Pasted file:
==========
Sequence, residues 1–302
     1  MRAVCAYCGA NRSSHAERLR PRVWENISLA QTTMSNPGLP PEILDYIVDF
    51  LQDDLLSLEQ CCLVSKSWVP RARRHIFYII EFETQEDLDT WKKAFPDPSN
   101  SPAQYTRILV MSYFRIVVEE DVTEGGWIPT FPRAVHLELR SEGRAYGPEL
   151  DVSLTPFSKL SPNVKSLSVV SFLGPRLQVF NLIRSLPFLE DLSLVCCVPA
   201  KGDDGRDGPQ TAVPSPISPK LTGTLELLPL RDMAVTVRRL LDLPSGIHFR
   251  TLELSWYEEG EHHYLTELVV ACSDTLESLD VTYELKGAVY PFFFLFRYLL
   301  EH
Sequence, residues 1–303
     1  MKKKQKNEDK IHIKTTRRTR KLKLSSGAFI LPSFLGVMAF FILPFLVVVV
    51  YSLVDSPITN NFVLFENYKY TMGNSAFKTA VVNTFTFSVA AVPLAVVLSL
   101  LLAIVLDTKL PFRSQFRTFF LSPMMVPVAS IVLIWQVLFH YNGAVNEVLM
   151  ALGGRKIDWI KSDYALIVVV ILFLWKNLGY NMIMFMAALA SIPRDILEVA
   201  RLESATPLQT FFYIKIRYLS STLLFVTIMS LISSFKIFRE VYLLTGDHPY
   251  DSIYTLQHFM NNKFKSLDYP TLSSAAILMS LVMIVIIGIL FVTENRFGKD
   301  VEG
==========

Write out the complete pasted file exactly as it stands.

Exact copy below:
Sequence, residues 1–302
     1  MRAVCAYCGA NRSSHAERLR PRVWENISLA QTTMSNPGLP PEILDYIVDF
    51  LQDDLLSLEQ CCLVSKSWVP RARRHIFYII EFETQEDLDT WKKAFPDPSN
   101  SPAQYTRILV MSYFRIVVEE DVTEGGWIPT FPRAVHLELR SEGRAYGPEL
   151  DVSLTPFSKL SPNVKSLSVV SFLGPRLQVF NLIRSLPFLE DLSLVCCVPA
   201  KGDDGRDGPQ TAVPSPISPK LTGTLELLPL RDMAVTVRRL LDLPSGIHFR
   251  TLELSWYEEG EHHYLTELVV ACSDTLESLD VTYELKGAVY PFFFLFRYLL
   301  EH
Sequence, residues 1–303
     1  MKKKQKNEDK IHIKTTRRTR KLKLSSGAFI LPSFLGVMAF FILPFLVVVV
    51  YSLVDSPITN NFVLFENYKY TMGNSAFKTA VVNTFTFSVA AVPLAVVLSL
   101  LLAIVLDTKL PFRSQFRTFF LSPMMVPVAS IVLIWQVLFH YNGAVNEVLM
   151  ALGGRKIDWI KSDYALIVVV ILFLWKNLGY NMIMFMAALA SIPRDILEVA
   201  RLESATPLQT FFYIKIRYLS STLLFVTIMS LISSFKIFRE VYLLTGDHPY
   251  DSIYTLQHFM NNKFKSLDYP TLSSAAILMS LVMIVIIGIL FVTENRFGKD
   301  VEG